Sound familiar when trying to P2V using the VMWare Converter utility?
97% seems to always be the magic number for the amount of the way through a conversion job gets if it is ever going to fail. There are plenty of articles and forum discussions out there such as here and here that talk about people’s problems experienced when using the VMWare Converter tool.
I recently had to convert a couple of existing Red Hat Linux guest OS VMWare Server instances into ESX and was presented with the following warning after selecting the destination datastore when using the Converter tools import wizard:
I proceeded with selecting all the usual defaults such as the network to use, checking the box to automatically install the VMTools (after all who wants the hassle of remembering to install them afterwards – especially if converting a large number of instances?) etc. After starting the conversion process everything looked like it was working nicely until I hit the dreaded 97% at which point it failed.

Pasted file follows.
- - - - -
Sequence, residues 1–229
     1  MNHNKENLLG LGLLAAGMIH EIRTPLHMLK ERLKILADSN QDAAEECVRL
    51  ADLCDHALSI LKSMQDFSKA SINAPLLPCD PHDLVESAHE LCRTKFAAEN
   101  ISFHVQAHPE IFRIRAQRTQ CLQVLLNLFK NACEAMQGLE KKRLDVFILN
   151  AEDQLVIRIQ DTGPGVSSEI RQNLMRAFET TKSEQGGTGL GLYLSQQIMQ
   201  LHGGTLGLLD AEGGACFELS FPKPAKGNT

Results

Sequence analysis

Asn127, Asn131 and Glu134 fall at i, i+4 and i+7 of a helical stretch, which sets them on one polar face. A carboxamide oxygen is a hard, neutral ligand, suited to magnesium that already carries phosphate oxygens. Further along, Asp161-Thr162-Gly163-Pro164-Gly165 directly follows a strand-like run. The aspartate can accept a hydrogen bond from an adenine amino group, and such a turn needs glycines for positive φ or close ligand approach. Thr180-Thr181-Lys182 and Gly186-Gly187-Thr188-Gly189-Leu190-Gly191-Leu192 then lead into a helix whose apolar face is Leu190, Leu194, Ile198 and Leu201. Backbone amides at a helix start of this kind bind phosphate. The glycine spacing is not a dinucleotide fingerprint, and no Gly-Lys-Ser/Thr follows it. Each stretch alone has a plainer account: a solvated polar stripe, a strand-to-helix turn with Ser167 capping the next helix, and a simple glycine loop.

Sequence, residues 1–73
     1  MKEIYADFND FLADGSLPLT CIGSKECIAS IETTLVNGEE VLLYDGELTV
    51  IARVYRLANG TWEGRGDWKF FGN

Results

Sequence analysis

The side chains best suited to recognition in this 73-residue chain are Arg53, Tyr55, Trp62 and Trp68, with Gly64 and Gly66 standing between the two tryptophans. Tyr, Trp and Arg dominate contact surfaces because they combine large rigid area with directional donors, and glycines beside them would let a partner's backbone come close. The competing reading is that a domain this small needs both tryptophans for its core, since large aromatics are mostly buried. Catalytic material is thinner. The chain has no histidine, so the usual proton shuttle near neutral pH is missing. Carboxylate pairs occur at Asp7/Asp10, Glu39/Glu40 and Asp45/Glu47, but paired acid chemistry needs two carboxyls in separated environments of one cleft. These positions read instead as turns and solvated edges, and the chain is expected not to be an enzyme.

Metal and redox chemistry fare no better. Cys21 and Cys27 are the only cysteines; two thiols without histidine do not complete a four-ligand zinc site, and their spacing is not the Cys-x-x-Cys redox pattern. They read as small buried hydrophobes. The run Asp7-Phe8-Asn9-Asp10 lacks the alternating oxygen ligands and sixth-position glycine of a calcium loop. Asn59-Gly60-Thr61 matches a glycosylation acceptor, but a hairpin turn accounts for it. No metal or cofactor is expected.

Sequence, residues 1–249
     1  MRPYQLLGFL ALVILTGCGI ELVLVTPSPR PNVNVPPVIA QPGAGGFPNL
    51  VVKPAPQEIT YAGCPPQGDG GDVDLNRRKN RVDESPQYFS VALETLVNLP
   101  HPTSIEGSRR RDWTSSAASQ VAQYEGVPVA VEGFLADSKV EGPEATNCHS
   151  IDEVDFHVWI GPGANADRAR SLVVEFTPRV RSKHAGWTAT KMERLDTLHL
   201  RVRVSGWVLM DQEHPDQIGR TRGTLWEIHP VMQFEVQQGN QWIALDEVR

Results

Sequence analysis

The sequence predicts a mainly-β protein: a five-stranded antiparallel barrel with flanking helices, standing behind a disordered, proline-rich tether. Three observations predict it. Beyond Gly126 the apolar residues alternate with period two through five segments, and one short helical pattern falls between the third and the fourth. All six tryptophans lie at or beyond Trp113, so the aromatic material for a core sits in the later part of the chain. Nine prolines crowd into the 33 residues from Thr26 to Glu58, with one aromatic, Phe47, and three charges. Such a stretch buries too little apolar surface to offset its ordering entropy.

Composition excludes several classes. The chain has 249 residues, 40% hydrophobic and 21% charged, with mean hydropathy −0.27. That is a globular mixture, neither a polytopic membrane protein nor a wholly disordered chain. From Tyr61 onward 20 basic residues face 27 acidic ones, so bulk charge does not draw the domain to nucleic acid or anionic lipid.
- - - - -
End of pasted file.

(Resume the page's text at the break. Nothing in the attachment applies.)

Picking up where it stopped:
I checked the relevant VM Converter logs, which can be found in ‘C:WindowsTempvmware-temp’ and there was nothing obvious in them to indicate the cause of the problem.
After a little hunting around it appears that by un-checking the ‘Install VM Tools’ option during the conversion wizard process the process will complete successfully. This appears to be a fault peculiar to converting Linux based guest OS’s. Part of the reason for this maybe that Linux in Enterprise level deployments will only boot into a command shell environment thereby negating the requirement for enhanced screen and mouse performance that is desirable with a GUI interface (eg: Windows, Gnome, KDE)? The ‘Warning’ error message mentioned above as it turns out is not related to this particular problem.
This forum posting also discusses this same problem.
It is also important to note that using the VMWare conversion tool to convert Linux guest OS VM instances is only considered ‘experimental’ by VMWare. Check out the VMWare Converter v3/0/2 Update 1 Release Document here under the ‘Supported Guest Operating Systems’ heading for more details.